Recovery and How to Maximise it for Optimal Performance
One of the most crucial yet overlooked aspects when it comes to optimizing performance is recovery. Understanding what it takes to be able to efficiently recover from taxing sessions (regardless of the activity) is paramount for coaches and clients alike, being able to understand the variables and how you can control them will prove fruitful in the aid to recover optimally.
Below are brief descriptions of some of the main variables when it comes to optimal recovery and what you can do to optimize them:
Being able to understand the amount of volume one needs is important, as too much will impede one’s ability to recovery efficiently for the next session. While too little will simply be futile in the strive to progress, these gauges are referred to MRV (maximum recovery volume) and MEV (minimum effective volume) and understanding their relevance to each individual client is crucial. MRV refers to the maximum amount of volume an individual can perform while being able to efficiently recover for the next session, while MEV refers to the minimum amount of volume required to achieve sufficient stimulus for progression, as an athlete it would be beneficial to understand your MEV and work to it accordingly.
Tailoring volume to a client can come in the form of adjusting overall sets per exercise per session or looking from a wider perspective and tailoring their weekly volume for specific muscle groups. For other sports, football for example, tailoring the amount of HIIT sessions or long distance runs per week in accordance with the individual will reflect positively on their ability to recover.
Another crucial variable needed when assessing optimal recovery, having a sufficient caloric intake is imperative to repair damaged tissue, ensuring that meal timings are optimal, especially around the workout window (see blog on peri workout nutrition). Having a varied yet balanced diet will prove fruitful in the quest for optimal recovery through a wider profile of micronutrients etc and improve overall health. It is advisable for coaches/ clients to have a consistent yet varied food intake that is tailored to their goals and training as this will prove to be necessary when looking to increase overall output.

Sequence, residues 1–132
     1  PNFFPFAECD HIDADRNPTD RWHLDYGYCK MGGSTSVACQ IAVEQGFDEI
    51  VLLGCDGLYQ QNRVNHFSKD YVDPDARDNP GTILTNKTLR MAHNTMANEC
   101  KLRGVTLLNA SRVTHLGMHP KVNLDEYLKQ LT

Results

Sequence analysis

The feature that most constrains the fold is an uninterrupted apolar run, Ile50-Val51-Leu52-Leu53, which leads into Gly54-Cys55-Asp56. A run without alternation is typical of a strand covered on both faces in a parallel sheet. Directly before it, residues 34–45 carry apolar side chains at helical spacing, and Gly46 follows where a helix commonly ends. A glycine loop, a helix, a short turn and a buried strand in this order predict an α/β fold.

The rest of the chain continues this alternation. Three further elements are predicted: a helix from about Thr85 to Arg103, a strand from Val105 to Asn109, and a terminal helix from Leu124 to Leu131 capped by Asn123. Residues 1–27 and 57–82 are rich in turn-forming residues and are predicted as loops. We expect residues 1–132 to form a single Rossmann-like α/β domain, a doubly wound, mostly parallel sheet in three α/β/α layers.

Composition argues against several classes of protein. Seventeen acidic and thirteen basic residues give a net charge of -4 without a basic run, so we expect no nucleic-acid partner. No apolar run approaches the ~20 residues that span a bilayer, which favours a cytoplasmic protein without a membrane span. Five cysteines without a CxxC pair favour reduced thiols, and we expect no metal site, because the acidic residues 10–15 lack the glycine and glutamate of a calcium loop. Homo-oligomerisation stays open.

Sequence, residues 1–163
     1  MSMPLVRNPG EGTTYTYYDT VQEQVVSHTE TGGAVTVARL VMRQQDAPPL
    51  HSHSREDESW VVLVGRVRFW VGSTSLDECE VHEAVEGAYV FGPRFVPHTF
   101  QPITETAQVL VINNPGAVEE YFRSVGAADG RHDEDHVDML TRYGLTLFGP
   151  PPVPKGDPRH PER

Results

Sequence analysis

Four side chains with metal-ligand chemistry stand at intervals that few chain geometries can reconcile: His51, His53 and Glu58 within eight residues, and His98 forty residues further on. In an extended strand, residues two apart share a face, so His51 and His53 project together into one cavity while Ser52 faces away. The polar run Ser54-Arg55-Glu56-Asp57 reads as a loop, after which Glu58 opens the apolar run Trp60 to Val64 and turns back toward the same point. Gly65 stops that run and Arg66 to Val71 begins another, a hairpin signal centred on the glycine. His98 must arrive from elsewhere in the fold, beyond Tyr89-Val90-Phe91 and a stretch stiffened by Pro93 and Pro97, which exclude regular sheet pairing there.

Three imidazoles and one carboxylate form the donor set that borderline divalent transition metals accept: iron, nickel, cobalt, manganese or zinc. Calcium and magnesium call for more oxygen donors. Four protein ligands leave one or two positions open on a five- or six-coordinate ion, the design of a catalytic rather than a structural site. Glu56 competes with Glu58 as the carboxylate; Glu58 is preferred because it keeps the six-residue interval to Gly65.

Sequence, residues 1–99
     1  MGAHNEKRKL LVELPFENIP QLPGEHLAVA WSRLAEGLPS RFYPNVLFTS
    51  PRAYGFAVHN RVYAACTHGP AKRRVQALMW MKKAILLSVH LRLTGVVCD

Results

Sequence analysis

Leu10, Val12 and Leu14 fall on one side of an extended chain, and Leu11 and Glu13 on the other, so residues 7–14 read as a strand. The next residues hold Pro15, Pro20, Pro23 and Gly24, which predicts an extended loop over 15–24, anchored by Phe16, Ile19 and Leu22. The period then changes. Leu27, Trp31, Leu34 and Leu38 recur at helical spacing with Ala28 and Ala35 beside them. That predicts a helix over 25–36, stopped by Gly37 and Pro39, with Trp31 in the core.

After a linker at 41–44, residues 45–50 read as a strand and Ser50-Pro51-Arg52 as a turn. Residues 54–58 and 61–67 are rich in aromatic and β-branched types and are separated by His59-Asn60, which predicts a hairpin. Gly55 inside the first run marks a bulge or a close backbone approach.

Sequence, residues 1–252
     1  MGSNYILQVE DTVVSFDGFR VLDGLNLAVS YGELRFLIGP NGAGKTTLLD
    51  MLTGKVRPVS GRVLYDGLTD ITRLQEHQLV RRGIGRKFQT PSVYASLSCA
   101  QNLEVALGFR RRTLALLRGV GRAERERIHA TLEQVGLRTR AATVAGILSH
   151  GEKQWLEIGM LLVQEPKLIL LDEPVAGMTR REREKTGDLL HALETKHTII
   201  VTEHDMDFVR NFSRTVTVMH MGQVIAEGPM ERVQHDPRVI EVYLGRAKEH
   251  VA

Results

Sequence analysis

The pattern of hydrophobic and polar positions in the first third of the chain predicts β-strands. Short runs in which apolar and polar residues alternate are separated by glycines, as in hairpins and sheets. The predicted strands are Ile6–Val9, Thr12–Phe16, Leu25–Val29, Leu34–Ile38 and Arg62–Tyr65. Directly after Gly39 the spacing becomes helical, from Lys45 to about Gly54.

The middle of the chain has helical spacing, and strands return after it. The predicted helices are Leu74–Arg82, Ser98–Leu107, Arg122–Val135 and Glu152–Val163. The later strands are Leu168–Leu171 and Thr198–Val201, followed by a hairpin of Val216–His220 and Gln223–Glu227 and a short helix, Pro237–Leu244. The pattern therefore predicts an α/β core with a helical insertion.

The importance of sleep is something that many athletes and coaches do not take seriously enough, good quality sleep will improve circadian rhythm, improve appetite and general energy levels/ focus. With advances in technology and the various fitness trackers on the market (see blog on fitness trackers), it is easier than ever to track your sleeping patterns and assess your sleep quality.
Ensuring that your or your client’s intensity is tailored to individual needs is important, understanding that testing your/your client’s 1 rep max on every lift is both dangerous and futile when the goal is to progress muscular output, in the same way having a footballer spend an entire session sprinting is futile. Using percentage gauges of a perceived 1 rep max for an inexperienced client/ athlete is the best approach when trying to work out intensity ranges.
Another massive one that has eluded most is the perception and control of stress in our everyday lives, stress will increase cortisol and in return increase blood glucose levels, which if persistent will be detrimental to health. As discussed above the advances in technology have allowed for us to track variables in greater detail, checking things regularly such as your resting heart rate etc. Supplements such as Supportmax Neuro from Strom Sports Nutrition are excellent cortisol management tools for those who struggle to relax early in the evening. Some of my tips for reducing stress include:
- Spend less time on your phone
- No caffeine after 3pm
- Get consistent sleep
- Find a hobby e.g. gaming etc
- Eat balanced meals
Finally, here is a short list of tips I have gathered that I feel are important in order to optimize recovery:
- Get consistent sleep
- Eat consistent meals
- Limit caffeine consumption
- Invest in a fitness tracker
- Tailor training volume/intensity
- Use supplements only if you need them
By Tireoghain O’Neill